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Maker Stories

Maker Stories

This Just In-spiration: Meet Tom Medwin

May 2, 2016

 

Our makers never fail to motivate us, encourage our creativity, and fill us with inspiration. So, when a new design enters our assortment, we’re always excited to learn more about the people behind the product.

What gets an artist going and keeps them creating is certainly worth sharing, and every great connection starts with a simple introduction. Meet Tom Medwin, creator of our new Donut Warming Mug.

Donut Warming Mug | UncommonGoods

Donut Warming Mug | UncommonGoods

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Maker Stories

This Just In-spiration: Meet Gabe Herz and Andy Clark

April 25, 2016

Our makers never fail to motivate us, encourage our creativity, and fill us with inspiration. So, when a new design enters our assortment, we’re always excited to learn more about the people behind the product.

What gets an artist going and keeps them creating is certainly worth sharing, and every great connection starts with a simple introduction. Meet Gabe Herz, the maker, along with Andy Clark, of our new Cold Brew Coffee Maker.

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Maker Stories

A Throne For Your Trinkets: Tracy Shea’s Pedestal Jewelry Holder

April 22, 2016

Tracy Shea | Pedestal Jewelry Stand | UncommonGoods

Tracy Shea remembers her first time. As a sophomore at Ohio’s Mentor High School she took a ceramics course and was instantly hooked. “From the minute I touched clay, it’s always been something I wanted to do,” she recalls.

She scored a partial scholarship to the Cleveland Institute of the Arts, but ended up accepting a full-ride to a different college. “My parents refused to pay for an art education,” she explains. “They were like, ‘You’ll never make it as an artist.’”

Fast forward three decades and the Garrettsville, Ohio mom of two spends her days making her popular Pedestal Jewelry Holder. The lace-imprinted ceramic stand — fitted with 50 holes to hang earrings — was born from a desire to display heirloom pieces passed down to her from her aunt. Eyeing her collection “drove me to think, people have stuff that they don’t necessarily want to throw in a drawer,” she says. “People collect stuff for a reason — there are emotional ties. So this is a special place to put things that are really special.” She puts her process — and her life as an artist — on display.

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Maker Stories

This Just In-spiration: Meet Jason Wolff

April 18, 2016

Our makers never fail to motivate us, encourage our creativity, and fill us with inspiration. So, when a new design enters our assortment, we’re always excited to learn more about the people behind the product.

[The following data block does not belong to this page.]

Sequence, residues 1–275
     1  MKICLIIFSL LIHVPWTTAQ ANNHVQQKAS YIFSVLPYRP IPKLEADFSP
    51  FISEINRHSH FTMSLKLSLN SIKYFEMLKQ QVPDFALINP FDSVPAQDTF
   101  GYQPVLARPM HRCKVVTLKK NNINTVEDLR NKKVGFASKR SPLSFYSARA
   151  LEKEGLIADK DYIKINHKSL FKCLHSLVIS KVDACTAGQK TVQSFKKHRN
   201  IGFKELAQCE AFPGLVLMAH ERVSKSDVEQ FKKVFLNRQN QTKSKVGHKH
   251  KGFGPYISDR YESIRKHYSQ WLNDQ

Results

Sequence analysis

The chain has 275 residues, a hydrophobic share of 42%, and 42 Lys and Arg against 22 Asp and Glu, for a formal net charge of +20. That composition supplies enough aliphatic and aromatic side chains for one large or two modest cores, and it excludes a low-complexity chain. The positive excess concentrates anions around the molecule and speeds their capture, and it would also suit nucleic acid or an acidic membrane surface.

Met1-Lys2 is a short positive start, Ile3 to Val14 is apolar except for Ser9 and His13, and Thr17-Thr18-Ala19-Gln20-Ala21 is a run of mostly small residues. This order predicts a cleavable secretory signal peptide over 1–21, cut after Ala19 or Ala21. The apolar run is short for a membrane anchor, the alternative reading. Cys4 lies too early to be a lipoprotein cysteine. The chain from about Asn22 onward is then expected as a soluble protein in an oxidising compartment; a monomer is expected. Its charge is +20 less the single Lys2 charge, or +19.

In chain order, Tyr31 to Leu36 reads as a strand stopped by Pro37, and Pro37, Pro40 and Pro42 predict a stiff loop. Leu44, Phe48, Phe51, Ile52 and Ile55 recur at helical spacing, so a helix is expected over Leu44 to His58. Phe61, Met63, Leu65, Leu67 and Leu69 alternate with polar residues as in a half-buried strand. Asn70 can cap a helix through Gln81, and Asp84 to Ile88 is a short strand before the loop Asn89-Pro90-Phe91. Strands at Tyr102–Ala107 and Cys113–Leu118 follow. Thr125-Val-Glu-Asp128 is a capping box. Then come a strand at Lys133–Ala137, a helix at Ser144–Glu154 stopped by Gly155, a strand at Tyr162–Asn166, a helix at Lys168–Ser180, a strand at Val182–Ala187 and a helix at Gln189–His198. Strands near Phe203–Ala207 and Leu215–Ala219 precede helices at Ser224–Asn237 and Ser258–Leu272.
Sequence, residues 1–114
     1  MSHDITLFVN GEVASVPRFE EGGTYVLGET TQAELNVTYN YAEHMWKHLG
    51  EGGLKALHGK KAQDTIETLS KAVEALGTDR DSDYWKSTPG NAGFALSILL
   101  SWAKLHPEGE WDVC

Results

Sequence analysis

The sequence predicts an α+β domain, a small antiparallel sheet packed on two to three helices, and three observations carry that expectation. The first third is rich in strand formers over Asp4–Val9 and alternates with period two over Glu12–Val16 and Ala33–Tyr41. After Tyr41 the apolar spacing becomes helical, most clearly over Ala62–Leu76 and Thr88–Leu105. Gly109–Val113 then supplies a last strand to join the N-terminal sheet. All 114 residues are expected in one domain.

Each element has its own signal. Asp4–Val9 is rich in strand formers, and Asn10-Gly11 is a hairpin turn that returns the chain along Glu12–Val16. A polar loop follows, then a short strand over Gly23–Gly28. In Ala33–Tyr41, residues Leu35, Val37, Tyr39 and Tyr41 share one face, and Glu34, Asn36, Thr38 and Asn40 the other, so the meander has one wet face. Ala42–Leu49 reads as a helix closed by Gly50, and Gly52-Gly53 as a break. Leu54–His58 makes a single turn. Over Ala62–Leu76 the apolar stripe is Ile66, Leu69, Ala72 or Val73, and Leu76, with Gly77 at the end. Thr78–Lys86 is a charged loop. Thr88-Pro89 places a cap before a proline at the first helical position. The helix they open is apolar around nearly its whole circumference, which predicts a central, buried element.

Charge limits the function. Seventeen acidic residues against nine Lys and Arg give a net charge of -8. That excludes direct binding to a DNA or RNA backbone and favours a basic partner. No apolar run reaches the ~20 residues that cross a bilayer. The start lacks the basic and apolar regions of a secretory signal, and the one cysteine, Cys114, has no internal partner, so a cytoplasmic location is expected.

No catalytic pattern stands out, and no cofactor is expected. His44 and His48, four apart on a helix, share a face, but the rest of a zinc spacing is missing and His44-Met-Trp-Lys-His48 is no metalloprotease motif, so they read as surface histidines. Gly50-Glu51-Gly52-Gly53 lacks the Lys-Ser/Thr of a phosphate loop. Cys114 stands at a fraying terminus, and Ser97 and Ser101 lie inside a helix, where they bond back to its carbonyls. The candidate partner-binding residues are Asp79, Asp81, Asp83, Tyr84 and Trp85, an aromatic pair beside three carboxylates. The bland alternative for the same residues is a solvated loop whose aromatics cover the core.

What gets an artist going and keeps them creating is certainly worth sharing, and every great connection starts with a simple introduction. Meet Jason Wolff, the artist who, along with his wife Sarah, is behind our new Garlic Keeper. Continue Reading…

Maker Stories

Inside the Artist’s Studio (& Classroom!) with Jim Loewer

April 9, 2016
Inside the Artist's Studio with Jim Loewer | UncommonGoods

Jim Loewer at work in his Philadelphia studio, photos by Emily Dryden and Rachel Orlow

Every time I visit an artist’s studio, I get a completely unique experience. That’s usually because each artist’s space is filled with decor that expresses their personality, pieces handmade in their own style, and the specific tools that help tell the story of how those pieces were made. In the case of our most recent Studio Tour, the experience was special in a new way. I, along with our tabletop buying team and two photographers, actually had a hands-on creative experience led by long-time UncommonGoods artist glassblower and teacher, Jim Loewer.

Jim welcomed us into his Philadelphia studio, offered us drinks and snacks, gave us the safety rundown, and then let us each get behind the flame and actually work with molten glass as he took us through his pendant making workshop. I left Jim’s studio feeling so inspired and accomplished, knowing that I had made something beautiful under the guidance of a talented professional artist, and the whole way back to Brooklyn, I had a feeling of awe that I think might only come from knowing I just changed the physical state of glass from a solid to a liquid and back again using a shooting 3,000 degree flame.

During the visit, Jim not only walked us through the glass making process and helped us avoid singeing our arm hairs with that 3,000 degree flame, he also told us about finding a great studio space, balancing teaching and creating new work, and choosing interacting with others over being a “troll.”

 

Jim Loewer working in the flames

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